Researchers from the Washington University Center for the Study of Itch and Sensory Disorders have identified a specific neuropeptide and a neural circuit that transmit pleasant touch from the skin to the brain. The findings eventually may help scientists better understand and treat disorders characterized by touch avoidance and impaired social development.
A new study could be a game changer for users of prosthetic hands who have long awaited advances in dexterity. Researchers examined if people could precisely control the grip forces applied to two different objects grasped simultaneously with a dexterous artificial hand. They designed a multichannel wearable soft robotic armband to convey artificial sensations of touch to the robotic hand users. Subjects were able to successfully grasp and transport two objects simultaneously with the dexterous artificial hand without breaking or dropping them, even when their vision of both objects was obstructed. The study is the first to show the feasibility of this complex simultaneous control task while integrating multiple channels of haptic/touch sensation feedback noninvasively.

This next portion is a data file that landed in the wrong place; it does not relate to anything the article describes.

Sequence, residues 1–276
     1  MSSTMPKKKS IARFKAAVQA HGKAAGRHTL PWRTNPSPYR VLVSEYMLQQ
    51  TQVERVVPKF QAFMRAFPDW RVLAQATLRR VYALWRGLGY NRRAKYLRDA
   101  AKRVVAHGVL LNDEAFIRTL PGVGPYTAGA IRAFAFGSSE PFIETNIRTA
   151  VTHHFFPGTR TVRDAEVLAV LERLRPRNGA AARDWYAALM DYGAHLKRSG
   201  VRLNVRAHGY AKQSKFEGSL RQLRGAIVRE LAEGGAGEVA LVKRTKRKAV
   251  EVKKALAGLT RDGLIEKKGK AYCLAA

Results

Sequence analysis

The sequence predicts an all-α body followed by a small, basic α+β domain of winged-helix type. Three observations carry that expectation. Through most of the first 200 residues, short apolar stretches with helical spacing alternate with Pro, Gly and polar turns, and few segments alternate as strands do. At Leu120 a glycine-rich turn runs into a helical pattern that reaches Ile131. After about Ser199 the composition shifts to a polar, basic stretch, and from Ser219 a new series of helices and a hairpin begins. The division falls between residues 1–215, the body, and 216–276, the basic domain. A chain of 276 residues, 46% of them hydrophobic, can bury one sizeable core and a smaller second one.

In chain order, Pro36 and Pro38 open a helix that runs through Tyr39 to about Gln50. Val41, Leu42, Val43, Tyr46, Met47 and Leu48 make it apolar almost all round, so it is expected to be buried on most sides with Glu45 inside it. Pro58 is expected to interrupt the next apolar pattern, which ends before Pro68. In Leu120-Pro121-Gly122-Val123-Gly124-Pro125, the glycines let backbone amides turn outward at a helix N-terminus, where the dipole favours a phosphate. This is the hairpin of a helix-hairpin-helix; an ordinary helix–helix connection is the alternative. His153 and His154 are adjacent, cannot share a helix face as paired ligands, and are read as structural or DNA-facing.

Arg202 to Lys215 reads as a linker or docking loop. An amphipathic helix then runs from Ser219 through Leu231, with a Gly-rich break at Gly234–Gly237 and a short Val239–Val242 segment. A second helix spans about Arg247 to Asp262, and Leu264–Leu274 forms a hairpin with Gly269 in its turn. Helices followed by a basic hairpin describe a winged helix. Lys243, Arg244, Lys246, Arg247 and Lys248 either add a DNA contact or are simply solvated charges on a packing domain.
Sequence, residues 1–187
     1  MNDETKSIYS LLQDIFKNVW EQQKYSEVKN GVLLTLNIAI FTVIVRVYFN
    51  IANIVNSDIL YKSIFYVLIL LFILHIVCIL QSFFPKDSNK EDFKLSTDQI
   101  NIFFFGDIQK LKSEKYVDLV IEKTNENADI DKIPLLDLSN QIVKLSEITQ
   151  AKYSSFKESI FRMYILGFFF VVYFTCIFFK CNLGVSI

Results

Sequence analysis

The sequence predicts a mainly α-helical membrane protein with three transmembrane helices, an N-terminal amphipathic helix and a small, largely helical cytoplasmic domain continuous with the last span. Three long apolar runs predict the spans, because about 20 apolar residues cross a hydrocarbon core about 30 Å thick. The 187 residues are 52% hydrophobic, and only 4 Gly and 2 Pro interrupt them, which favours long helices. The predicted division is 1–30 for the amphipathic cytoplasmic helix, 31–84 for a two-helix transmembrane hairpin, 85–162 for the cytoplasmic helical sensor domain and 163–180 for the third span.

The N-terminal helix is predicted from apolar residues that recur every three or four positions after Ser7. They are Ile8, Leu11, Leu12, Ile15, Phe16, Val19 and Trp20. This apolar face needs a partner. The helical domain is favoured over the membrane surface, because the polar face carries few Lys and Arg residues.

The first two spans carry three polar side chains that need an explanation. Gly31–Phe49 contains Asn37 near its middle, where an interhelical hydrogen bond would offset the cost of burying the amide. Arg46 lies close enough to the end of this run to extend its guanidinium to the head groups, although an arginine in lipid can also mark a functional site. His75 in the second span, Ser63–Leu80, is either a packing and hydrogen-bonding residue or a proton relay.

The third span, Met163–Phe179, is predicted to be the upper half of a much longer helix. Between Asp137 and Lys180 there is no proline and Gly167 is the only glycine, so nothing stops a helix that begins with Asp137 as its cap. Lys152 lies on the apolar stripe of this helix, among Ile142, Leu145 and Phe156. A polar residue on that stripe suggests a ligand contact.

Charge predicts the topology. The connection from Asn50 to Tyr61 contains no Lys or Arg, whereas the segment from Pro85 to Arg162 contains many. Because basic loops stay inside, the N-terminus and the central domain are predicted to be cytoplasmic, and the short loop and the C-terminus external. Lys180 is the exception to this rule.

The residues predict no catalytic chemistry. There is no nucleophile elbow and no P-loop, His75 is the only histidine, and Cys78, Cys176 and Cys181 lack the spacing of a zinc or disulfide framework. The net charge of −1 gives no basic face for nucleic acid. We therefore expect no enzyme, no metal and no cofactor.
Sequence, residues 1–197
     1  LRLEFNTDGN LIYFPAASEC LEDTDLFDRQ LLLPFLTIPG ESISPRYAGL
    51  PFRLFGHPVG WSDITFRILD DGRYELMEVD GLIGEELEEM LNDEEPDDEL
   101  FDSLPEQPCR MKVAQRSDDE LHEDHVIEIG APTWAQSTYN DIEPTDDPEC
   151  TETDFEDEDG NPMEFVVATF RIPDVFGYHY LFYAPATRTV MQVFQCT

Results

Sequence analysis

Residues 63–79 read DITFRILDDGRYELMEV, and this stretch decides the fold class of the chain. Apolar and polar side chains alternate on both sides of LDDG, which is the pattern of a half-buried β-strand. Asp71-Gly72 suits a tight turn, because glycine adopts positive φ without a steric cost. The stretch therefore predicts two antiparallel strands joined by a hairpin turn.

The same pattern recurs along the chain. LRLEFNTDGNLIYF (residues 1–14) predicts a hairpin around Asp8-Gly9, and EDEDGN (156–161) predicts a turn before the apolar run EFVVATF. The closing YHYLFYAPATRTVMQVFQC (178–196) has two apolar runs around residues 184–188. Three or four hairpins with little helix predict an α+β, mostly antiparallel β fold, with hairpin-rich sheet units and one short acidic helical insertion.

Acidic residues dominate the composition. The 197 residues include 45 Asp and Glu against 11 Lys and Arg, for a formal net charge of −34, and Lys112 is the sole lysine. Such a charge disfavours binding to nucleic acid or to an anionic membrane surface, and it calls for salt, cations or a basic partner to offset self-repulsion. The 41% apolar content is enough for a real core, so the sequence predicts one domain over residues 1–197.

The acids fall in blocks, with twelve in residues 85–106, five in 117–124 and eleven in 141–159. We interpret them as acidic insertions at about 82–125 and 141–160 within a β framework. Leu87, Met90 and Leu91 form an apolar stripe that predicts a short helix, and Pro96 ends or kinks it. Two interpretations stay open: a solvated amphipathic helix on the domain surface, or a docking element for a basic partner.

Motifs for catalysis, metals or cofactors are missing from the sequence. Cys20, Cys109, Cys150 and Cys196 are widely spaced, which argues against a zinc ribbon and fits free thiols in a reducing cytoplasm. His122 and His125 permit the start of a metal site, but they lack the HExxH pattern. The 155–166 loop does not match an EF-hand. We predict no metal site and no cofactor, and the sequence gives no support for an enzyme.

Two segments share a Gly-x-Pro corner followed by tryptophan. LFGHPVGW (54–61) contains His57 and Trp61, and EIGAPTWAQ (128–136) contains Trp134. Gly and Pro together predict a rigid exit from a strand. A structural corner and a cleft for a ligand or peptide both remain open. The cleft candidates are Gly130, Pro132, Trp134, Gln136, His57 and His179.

Prosthetics currently lack the sensation of “touch.” To enable a more natural feeling prosthetic hand interface, researchers are the first to incorporate stretchable tactile sensors using liquid metal and machine learning. This hierarchical multi-finger tactile sensation integration could provide a higher level of intelligence for artificial hands by improving control, providing haptic feedback and reconnecting amputees to a previously severed sense of touch.